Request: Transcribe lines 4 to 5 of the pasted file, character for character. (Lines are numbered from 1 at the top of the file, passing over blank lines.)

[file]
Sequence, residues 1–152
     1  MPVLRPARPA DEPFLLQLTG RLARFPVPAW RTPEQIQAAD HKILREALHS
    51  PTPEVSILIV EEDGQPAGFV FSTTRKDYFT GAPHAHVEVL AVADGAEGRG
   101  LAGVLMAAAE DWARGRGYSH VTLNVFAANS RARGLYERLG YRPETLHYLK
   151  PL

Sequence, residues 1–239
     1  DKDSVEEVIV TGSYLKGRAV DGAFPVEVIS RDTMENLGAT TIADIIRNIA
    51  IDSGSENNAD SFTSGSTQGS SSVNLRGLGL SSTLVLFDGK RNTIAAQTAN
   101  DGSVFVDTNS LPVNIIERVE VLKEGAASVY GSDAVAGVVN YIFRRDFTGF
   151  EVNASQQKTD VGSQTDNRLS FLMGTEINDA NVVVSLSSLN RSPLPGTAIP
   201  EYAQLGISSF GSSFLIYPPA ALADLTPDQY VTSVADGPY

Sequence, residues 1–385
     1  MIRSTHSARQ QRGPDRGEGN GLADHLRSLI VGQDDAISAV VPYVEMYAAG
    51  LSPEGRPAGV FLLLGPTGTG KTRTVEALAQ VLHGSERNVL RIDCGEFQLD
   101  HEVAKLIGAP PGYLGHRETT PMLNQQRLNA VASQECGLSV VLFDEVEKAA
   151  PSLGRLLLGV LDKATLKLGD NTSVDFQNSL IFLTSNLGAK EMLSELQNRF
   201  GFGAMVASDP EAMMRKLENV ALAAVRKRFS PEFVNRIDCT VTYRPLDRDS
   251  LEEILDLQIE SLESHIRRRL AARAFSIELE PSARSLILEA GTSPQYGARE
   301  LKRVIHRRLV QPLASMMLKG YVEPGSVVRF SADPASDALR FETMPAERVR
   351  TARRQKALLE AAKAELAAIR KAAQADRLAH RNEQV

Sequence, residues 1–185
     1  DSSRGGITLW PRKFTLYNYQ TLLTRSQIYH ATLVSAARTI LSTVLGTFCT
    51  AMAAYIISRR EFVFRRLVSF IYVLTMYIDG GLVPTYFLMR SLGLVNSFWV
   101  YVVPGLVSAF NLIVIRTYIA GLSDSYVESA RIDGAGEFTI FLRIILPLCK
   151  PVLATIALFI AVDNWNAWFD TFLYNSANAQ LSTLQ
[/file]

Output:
   101  LAGVLMAAAE DWARGRGYSH VTLNVFAANS RARGLYERLG YRPETLHYLK
   151  PL